The U.S. Senate insists SESTA will zero in on sex trafficking, but the legislation's provisions imperil Wikipedia, the world's go-to crowdsourcing colossus.
So it would stand to reason that threatening to do harm to the free, near-fathomless bank of crowdsourced knowledge would be akin to threatening to blow up the Library of Congress or drown a sack of puppies. (Take your pick.)
It wasn’t always like this. Those of us who can remember that far back recall how people used to sneer at Wikipedia. It was the go-to for lazy college freshmen, who dutifully quoted Wikipedia pages in their research papers, in much the same way previous generations used CliffsNotes as primary-source material for high school term papers about Romeo and Juliet.
Wikipedia still suffers from some of the skepticism it met with in its turbulent youth — a skepticism summed up by a wise man named Stephen Colbert, who once said, “Wikipedia is the first place I go when I’m looking for knowledge — or when I want to create some.”
In general, Wikipedia has won that war. When’s the last time you saw (much less actually consulted) a physical set of encyclopedias?
According to Alexa, Wikipedia is the fifth-most-visited site on the web, appearing in some 300 languages, with more than 5.5 million articles in English alone, covering everything from the Roy Moore scandal to the Cuban Missile Crisis, the Colossus of Rhodes, anabolic steroids, and the creeping armored sea cucumber.
Is Wikipedia 100 percent accurate? No, but what is? And if it were gone, there’d be a big fat black hole in the internet where all that information used to be.
Wikipedia could be a collapsed internet star one day thanks to the U.S. Senate’s Stop Enabling Online Trafficking Act of 2017 (SESTA), which threatens to make mincemeat pie out of Wikipedia and eat it for breakfast, if passed.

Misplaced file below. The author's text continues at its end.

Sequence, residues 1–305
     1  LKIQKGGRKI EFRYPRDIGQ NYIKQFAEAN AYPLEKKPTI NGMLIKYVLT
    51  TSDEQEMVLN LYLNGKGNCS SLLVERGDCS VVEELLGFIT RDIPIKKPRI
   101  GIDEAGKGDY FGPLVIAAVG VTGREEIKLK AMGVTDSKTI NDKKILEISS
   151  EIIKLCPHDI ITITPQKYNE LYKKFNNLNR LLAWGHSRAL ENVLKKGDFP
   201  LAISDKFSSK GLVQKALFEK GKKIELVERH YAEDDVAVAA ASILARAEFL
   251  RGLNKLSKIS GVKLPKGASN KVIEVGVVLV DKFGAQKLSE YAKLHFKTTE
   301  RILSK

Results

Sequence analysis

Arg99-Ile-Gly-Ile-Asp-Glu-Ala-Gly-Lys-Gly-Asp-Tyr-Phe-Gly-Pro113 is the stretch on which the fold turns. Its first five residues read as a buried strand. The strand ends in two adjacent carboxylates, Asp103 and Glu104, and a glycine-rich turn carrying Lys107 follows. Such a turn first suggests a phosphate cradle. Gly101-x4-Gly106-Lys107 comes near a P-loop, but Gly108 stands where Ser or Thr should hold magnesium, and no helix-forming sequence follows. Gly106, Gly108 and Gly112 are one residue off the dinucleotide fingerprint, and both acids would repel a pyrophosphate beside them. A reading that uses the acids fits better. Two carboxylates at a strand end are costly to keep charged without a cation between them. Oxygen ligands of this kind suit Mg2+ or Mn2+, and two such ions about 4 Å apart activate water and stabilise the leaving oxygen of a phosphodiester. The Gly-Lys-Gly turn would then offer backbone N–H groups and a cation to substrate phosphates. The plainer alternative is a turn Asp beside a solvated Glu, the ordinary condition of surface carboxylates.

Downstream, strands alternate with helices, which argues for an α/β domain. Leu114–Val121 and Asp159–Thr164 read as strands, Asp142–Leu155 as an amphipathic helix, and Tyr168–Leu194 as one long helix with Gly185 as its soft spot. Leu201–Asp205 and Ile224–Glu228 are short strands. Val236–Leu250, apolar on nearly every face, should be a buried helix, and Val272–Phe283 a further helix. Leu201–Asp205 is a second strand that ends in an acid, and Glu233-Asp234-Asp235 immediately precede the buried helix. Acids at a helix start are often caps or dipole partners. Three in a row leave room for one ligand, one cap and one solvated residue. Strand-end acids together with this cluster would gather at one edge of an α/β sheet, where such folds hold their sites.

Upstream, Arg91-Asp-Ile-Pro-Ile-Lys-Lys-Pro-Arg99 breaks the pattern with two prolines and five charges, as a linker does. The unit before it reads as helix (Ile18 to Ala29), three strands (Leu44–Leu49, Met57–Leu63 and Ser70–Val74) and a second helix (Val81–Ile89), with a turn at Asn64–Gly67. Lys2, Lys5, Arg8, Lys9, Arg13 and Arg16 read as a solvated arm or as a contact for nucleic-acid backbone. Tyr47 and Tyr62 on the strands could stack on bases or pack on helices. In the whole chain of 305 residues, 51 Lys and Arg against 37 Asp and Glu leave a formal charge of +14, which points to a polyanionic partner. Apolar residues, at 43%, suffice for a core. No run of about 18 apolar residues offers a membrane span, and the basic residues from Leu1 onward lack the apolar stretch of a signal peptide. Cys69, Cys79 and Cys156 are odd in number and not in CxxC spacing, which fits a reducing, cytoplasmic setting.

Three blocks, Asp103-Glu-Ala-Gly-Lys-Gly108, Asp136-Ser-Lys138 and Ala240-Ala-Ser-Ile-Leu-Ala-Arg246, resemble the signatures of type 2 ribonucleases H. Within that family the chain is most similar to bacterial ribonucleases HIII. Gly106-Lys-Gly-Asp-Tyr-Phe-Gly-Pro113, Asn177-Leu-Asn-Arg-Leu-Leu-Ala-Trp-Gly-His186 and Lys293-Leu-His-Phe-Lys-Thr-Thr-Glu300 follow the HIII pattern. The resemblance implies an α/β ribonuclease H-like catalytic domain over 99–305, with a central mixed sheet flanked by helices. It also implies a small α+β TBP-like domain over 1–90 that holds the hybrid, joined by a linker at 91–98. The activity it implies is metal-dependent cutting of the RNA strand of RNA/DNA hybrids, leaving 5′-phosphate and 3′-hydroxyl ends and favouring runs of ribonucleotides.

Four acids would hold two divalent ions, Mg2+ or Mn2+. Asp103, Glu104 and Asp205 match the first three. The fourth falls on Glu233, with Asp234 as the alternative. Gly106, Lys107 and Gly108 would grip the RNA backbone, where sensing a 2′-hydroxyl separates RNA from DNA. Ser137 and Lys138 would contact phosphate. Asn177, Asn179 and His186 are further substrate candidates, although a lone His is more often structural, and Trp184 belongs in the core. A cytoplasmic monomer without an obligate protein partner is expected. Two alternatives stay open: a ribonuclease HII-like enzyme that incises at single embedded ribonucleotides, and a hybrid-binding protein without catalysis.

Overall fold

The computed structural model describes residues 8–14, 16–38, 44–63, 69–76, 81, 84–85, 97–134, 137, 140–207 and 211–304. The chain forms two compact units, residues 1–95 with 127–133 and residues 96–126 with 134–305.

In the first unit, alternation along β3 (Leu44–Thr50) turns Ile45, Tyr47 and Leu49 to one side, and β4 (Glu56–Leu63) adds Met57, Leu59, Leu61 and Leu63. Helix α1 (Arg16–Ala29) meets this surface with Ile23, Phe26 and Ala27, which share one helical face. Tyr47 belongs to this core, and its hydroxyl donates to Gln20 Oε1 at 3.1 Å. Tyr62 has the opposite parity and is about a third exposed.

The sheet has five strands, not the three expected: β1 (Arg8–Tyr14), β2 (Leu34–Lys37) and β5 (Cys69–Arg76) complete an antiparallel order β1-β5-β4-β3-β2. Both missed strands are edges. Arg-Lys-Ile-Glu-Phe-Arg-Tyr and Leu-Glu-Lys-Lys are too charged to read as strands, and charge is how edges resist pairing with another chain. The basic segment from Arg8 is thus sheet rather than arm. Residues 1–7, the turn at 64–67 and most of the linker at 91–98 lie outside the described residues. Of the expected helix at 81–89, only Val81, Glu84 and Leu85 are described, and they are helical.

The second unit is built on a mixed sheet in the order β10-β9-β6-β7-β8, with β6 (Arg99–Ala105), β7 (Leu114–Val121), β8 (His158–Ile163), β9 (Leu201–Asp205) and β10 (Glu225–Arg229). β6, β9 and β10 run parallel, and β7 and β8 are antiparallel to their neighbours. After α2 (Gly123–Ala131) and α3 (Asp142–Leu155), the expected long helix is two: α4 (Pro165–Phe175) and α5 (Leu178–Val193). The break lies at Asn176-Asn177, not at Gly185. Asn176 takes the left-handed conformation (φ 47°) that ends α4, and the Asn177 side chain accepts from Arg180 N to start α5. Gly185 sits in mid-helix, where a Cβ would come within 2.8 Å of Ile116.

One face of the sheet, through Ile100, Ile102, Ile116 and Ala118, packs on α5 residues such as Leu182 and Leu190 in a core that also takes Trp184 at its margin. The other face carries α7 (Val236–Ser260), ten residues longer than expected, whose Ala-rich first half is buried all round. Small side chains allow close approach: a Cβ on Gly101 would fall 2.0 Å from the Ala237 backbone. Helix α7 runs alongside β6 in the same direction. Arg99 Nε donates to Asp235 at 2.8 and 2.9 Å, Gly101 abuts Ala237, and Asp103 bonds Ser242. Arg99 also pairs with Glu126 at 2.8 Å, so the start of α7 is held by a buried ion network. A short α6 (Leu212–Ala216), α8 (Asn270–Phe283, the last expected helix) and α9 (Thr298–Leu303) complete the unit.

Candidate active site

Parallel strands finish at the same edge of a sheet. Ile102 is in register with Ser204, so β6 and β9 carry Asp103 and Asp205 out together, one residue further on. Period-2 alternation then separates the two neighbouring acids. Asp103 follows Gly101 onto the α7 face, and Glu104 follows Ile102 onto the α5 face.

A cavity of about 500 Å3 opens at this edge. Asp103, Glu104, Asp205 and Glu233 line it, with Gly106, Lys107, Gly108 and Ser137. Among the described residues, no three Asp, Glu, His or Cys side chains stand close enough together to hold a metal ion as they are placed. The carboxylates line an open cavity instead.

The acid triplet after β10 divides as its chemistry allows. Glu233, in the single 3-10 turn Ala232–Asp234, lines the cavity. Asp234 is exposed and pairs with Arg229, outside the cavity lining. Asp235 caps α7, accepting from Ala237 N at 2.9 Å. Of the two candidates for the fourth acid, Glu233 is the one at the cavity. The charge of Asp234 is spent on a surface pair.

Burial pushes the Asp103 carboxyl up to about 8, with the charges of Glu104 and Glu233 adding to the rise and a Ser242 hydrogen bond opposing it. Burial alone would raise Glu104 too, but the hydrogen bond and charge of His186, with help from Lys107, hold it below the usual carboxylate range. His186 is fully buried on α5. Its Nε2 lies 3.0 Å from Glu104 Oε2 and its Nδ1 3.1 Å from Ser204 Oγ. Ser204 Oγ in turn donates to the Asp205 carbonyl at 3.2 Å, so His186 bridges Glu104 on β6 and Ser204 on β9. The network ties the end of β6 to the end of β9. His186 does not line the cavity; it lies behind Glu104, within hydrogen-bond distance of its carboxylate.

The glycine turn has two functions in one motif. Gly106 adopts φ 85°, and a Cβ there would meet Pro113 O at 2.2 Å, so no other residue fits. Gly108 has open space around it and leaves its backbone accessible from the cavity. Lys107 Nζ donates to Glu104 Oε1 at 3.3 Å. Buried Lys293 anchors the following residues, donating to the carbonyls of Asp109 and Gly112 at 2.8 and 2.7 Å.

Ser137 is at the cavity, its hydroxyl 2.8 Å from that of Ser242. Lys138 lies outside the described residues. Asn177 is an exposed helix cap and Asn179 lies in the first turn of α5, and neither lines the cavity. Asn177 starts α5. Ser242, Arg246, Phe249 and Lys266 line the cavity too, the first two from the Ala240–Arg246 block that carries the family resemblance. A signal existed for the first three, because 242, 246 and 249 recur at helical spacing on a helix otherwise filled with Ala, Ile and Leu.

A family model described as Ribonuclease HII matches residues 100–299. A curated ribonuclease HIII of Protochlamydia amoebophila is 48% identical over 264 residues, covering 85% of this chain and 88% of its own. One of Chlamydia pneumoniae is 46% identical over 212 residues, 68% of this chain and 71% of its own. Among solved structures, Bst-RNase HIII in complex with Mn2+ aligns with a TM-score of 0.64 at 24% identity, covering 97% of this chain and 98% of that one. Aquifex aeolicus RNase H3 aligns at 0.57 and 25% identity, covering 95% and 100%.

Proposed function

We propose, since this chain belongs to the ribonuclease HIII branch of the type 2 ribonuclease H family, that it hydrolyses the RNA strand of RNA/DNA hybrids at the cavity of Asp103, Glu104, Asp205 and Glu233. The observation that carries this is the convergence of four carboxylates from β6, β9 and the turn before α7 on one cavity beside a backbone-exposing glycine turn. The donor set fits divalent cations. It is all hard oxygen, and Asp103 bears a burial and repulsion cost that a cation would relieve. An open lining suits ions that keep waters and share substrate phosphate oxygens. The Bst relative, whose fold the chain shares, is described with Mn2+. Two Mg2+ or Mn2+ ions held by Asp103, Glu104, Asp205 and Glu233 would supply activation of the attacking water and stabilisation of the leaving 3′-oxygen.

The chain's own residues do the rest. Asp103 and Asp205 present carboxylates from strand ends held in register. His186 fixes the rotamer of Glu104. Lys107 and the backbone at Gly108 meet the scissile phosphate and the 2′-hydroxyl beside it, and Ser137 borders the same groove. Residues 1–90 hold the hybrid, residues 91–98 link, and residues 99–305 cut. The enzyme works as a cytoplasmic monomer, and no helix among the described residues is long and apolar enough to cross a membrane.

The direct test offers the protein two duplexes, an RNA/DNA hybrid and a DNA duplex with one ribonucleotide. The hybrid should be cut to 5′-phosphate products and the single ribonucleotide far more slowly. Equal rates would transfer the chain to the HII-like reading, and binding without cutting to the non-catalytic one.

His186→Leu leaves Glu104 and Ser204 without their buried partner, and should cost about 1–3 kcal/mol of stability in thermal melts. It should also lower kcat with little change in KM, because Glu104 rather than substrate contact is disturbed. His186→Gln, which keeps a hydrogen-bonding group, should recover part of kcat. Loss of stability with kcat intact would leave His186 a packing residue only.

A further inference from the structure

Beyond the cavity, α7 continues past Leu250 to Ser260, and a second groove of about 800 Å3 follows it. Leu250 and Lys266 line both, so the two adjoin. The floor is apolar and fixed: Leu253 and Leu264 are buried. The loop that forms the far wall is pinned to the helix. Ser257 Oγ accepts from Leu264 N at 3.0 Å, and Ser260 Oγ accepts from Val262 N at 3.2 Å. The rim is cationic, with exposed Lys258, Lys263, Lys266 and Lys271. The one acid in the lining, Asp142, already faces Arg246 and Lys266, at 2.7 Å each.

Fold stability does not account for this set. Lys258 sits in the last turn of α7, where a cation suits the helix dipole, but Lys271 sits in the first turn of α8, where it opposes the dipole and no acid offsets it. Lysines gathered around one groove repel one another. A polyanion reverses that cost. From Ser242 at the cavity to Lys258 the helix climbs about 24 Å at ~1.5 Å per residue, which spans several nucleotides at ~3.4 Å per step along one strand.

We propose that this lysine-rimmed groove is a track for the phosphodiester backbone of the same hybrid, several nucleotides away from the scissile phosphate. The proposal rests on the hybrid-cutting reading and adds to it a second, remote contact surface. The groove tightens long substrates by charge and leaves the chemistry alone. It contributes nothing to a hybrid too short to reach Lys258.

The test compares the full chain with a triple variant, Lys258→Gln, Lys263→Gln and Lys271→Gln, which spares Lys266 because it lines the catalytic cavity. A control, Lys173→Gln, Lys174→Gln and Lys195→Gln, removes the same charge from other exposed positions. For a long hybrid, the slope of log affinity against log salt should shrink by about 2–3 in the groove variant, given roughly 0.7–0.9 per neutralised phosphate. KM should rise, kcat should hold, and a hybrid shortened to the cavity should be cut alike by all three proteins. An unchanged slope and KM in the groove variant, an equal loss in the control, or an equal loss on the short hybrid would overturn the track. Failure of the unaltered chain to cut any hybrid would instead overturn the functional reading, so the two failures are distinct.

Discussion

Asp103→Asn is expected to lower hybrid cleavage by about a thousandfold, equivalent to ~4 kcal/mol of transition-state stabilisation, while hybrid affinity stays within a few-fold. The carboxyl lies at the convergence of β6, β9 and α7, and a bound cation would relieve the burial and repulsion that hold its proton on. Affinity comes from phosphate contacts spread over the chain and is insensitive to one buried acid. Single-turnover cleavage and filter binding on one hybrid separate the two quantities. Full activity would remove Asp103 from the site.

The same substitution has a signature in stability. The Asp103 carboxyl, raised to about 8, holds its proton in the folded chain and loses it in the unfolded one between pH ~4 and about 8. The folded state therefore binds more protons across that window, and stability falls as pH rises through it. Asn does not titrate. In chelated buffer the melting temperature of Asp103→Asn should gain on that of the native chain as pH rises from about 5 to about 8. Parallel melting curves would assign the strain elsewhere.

SESTA’s supporters say they aim to crush to the hysteria-enhanced boogeyman of “sex trafficking,” but the language of the bill leaves Wikipedia and countless other sites open to the sort of civil and criminal liability they’ve never had to face before.
Writing for the Wikimedia Foundation blog, legal fellow Leighanna Mixter explains how Section 230 of the Communications Decency Act of 1996 (CDA), which grants immunity to interactive websites for content posted by third parties, allows Wikipedia to thrive.
SESTA aims to roll back that immunity with respect to sex trafficking. That might sound good coming out of a politician’s mouth, but in practice it’s a train wreck waiting to happen.
As currently drafted, SESTA would amend the federal sex trafficking statute (18 U.S.C. § 1591) to state that participation in a sex trafficking venture occurs when a party, such as a website, is “knowingly assisting, supporting, or facilitating” a sex trafficking crime. While clearer than the broad “knowing conduct” standard that appeared in earlier versions of SESTA, this language could potentially make websites unintentionally liable for facilitating criminal activity if they engage in proactive, yet imperfect, monitoring efforts.